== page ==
China's new law on export control takes effect, ensuring more room to safeguard national interests
China's latest law on export control took effect on Tuesday, allowing the government to act against countries that abuse export controls in a way that harms China's interests.
Planned in 2016 and approved in mid-October, China's Export Control Law (Full text in Chinese) strengthens the country's export supervision through strict monitoring and tariffs.
The law enables the second-largest economy to take "reciprocal measures" against any country or region that abuses export-control measures and poses a threat to China's national security and interests.
Besides military and nuclear products which are covered by the law, it also clarifies that relevant data and services are also subject to export-control stipulations.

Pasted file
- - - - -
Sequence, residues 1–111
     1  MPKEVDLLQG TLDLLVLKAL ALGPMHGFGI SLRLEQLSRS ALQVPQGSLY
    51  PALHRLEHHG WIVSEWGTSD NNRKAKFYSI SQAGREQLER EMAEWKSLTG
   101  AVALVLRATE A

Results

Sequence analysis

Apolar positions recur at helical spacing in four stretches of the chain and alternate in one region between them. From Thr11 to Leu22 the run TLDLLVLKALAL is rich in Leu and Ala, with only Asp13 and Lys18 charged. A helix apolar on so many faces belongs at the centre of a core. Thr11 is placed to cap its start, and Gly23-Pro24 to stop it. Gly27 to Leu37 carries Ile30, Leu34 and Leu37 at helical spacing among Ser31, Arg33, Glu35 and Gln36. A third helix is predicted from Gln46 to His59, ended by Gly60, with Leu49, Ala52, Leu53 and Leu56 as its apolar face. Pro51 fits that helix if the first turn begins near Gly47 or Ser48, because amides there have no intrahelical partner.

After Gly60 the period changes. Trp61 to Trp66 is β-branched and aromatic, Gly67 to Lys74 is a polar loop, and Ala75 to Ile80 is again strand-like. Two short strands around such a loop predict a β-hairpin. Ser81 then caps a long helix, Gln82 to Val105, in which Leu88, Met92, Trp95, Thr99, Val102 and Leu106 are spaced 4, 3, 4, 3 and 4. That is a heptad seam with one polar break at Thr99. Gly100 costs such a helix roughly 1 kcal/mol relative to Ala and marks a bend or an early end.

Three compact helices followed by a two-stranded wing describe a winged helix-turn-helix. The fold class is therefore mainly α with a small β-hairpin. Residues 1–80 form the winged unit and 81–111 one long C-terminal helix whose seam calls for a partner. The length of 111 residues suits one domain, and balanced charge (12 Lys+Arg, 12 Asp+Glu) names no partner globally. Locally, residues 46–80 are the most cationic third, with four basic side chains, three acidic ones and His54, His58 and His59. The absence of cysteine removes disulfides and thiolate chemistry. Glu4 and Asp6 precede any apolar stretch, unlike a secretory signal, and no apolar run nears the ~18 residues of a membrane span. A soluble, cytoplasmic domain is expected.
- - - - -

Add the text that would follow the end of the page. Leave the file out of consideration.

The law has been viewed as retaliation to United States' restrictions on Chinese tech companies, including Huawei, SMIC, and Tencent.
The new legislation is already having an impact on the prices of rare-earth metals. Since the market has anticipated these exports would be affected, the prices have increased by more than 15 percent since late October.
China is the world's largest rare-earth metals supplier and they are core materials in chip production.